Sally Wainwright, who wrote TV hits Happy Valley and Last Tango In Halifax, has slammed period shows for projecting a ‘very sanitised, 21st-century television view of history’.bronteblog
Wainwright made the comments while discussing her new BBC film To Walk Invisible, about the Bronte siblings — Charlotte, Emily, Anne and brother Branwell — and their clergyman father Patrick, who is played by Jonathan Pryce.
I noted that the marvellously acted movie, which will be shown on BBC1 later this winter, has a remarkable, gritty quality to it.
‘Well, I really didn’t want to create a Sunday evening chocolate box thing,’ she said. ‘We have a slightly manicured view of what the past was like.
‘Often history is about wealthy rich people — and about men. We get so many costume dramas, which are very popular and people love them.
‘But they’ve all got very white teeth! They’re all immaculate,’ she complained of the period programmes on both the BBC and ITV.
‘It’s a very sanitised, 21st- century television view of history. When I watch certain period dramas, I often feel it wouldn’t be weird if someone whipped out a mobile phone. It wouldn’t look out of place, because everything is so clean and slick and polished — and healthy and hygienic.
‘I don’t want people to feel like that,’ she added.
Sally Wainwright, a daughter of Yorkshire — raised in Sowerby Bridge ten miles from Haworth, home of the Brontes — said that Charlotte and Emily both had poor teeth
Wainwright, a daughter of Yorkshire — raised in Sowerby Bridge ten miles from Haworth, home of the Brontes — said that Charlotte and Emily both had poor teeth.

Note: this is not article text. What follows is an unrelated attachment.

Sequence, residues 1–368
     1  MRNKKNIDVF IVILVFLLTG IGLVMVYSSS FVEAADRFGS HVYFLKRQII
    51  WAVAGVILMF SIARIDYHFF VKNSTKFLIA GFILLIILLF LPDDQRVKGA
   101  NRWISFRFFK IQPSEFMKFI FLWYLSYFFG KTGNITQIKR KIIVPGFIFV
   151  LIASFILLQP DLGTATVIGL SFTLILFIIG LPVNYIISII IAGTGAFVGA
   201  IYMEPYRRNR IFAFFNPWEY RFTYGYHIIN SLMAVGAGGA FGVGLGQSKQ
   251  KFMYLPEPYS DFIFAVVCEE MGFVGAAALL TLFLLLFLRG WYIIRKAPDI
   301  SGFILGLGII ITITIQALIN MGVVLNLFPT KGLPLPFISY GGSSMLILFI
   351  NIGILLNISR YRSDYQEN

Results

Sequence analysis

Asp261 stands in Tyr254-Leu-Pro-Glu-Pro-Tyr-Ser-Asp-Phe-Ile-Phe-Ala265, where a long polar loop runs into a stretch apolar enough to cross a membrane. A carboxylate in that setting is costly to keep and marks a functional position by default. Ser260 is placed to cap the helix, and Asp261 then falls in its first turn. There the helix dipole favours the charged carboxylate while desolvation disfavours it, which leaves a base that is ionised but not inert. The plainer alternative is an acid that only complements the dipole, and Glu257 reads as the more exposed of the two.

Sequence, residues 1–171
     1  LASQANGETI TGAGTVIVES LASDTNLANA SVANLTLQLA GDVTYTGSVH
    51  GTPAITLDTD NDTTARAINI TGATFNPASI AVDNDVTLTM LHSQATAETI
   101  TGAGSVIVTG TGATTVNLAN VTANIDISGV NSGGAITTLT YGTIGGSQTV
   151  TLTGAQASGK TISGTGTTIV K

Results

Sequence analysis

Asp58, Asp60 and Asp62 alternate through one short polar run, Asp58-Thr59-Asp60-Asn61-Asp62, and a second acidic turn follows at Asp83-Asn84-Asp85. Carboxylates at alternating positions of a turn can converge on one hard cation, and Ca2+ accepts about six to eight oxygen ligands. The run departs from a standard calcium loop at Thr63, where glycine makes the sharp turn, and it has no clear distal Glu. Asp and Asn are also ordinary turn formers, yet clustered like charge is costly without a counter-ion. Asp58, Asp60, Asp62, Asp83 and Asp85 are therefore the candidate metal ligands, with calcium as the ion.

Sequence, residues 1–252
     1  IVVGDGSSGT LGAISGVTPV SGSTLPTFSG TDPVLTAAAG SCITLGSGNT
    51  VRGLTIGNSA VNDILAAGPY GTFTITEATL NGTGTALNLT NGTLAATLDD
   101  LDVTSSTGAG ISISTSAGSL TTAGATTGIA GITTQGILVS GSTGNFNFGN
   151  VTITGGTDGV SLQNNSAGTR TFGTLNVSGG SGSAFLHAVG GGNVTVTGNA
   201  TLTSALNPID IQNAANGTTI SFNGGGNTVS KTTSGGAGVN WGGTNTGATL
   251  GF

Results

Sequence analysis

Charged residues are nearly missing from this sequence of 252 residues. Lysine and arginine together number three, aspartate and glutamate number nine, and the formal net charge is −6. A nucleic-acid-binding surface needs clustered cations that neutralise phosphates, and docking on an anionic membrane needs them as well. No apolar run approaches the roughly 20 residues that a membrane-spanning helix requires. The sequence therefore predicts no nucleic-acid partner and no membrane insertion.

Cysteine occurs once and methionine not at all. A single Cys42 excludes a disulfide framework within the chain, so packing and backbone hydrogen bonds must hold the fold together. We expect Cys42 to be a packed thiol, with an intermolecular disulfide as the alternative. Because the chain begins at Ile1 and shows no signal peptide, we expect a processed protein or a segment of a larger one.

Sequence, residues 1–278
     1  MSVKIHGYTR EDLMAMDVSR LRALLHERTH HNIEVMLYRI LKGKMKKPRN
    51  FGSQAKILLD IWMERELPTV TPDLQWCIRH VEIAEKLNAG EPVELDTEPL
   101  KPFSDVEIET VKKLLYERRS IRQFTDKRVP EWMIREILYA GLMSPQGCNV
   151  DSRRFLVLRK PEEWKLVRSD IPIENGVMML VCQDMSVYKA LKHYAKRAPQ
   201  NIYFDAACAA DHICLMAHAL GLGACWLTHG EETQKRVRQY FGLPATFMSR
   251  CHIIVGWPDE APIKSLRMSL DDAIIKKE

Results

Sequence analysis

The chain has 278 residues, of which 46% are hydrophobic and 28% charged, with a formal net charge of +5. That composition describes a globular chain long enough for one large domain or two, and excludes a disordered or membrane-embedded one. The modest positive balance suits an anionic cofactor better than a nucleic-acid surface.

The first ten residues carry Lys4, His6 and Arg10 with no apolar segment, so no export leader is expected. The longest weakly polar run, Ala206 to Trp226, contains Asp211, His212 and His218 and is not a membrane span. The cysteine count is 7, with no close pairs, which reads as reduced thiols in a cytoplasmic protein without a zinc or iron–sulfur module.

The portrait that Wainwright presents in her film, which she also directed, certainly feels authentic. I was struck by how the actors captured the sense of a proper family: one who argued, and swore at each other — yes, even in the 1840s.
Wainwright established a kind of Bronte boot camp at a rented house on the moors at Haworth, where cast members Finn Atkins (Charlotte), Chloe Pirrie (Emily), Charlie Murphy (Anne) and Adam Nagaitis as Branwell did Bronte things for a week.
‘I wanted them together, so they’d feel like a family,’ she explained.
They were shown around the Bronte Parsonage Museum by principal curator Ann Dinsdale; and one evening they had dinner with Juliet Barker, who wrote a biography of the Brontes in 1995.
‘And somebody came and told them how to write with ink. We had a whole afternoon of getting our fingers covered in ink,’ Wainwright recalled gleefully.
‘By the end of the week they were so bonded.’
The film’s focus is about how well Branwell bonded with alcohol and opium — and how his sisters had to tip-toe around him for much of the time, ‘probably half-loving and half-hating him’.
But somehow, the sisters managed to produce great works of literature, including Jane Eyre and Wuthering Heights; while Branwell, who had undeniable talent, produced nothing and has, Wainwright said, become famous ‘for failing’. (Baz Bamigboye)